Once a “ghost town” in the shadow of Nihonbashi’s neon glare, Bakurocho is enjoying a creative revival inspired by its Edo-era craft heritage. Danielle Demetriou visited the area for our latest issue – Keith Ng’s images, featured here, accompany the article
“Bakurocho might not sound like an obvious place to set up a gallery. But it’s a special place. There is a growing creative community and a very positive friendly feeling among people who live here, which is rare in a big city like Tokyo,” says Noriko Konuma, the curator of Kumu Tokyo, a minimal design gallery in a renovated industrial space formerly used by her family’s business on a quiet lane in the heart of the area.
The neighbourhood is located just a smudge away from the neon blare of Akihabara’s electric shops, the shiny department stores of Nihonbashi and the tourist crowds of Asakusa in the eastern side of the city. Yet, despite its location, Bakurocho is calm and low-key, with a typical Tokyo mismatch of concrete buildings having gradually replaced the old wooden houses over the years.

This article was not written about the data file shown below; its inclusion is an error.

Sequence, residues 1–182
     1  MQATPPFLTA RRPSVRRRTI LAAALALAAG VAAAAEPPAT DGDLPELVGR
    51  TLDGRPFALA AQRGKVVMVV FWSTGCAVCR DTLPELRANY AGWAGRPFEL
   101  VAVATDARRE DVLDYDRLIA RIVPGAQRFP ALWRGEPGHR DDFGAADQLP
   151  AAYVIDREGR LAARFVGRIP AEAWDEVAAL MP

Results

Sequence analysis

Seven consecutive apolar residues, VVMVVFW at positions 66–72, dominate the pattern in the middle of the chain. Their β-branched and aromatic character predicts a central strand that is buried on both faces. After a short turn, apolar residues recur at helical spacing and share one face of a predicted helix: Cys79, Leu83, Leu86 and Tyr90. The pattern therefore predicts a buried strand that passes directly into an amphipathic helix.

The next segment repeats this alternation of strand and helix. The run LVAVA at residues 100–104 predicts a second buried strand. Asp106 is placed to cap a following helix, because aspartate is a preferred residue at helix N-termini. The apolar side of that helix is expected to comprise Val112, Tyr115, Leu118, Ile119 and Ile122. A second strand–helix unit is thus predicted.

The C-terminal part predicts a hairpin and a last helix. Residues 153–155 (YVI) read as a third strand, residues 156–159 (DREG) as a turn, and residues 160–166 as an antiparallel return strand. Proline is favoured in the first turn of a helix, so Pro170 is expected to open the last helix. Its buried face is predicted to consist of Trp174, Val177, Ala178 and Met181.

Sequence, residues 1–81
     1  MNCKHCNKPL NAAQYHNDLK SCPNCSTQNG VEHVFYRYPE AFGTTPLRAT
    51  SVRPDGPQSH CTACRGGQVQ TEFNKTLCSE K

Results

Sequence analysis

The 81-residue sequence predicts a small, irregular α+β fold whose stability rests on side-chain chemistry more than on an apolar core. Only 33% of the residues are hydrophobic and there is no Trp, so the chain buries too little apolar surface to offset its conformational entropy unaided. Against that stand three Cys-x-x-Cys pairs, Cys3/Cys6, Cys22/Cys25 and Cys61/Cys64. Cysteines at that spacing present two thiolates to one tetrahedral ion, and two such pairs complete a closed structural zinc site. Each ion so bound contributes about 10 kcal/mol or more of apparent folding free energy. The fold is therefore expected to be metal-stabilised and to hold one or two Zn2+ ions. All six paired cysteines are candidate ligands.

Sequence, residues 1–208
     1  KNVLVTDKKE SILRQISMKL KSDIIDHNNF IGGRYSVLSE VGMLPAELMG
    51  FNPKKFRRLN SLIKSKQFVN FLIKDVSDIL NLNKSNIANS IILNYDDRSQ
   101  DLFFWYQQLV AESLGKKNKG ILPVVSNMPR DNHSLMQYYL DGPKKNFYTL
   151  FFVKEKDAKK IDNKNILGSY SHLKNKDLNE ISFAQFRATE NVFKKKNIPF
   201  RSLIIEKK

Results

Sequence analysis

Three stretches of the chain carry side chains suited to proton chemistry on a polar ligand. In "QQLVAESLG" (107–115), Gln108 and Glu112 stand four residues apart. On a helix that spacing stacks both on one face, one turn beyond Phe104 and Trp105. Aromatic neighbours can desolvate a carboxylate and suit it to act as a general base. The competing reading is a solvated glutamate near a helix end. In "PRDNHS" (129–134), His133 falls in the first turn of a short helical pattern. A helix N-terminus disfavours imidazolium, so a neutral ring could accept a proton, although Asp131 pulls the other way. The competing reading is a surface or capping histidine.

Its atmosphere is also resolutely old school – perhaps due to its heritage as a major wholesale area dating back to the Edo era. Like much of east Tokyo, Bakurocho is renowned for its craftsmanship heritage, with numerous generations-old artisan businesses traditionally based in the neighbourhood, offering products that range from leatherware and combs to toys and scissors.
And it’s currently in the midst of a creative revival, according to Konuma. “Ten years ago, morale was very low here,” she explains. “There was an ageing population, fewer businesses, economic uncertainty. It was like a ghost town after dark. But slowly, creative people have started to move into the area. Over the past five years, things have changed dramatically. Creatives relocating here are revitalising Bakurocho.”
For our latest issue, Danielle Demetriou visited Bakurocho. Keith Ng’s photographs, featured above, accompany the article.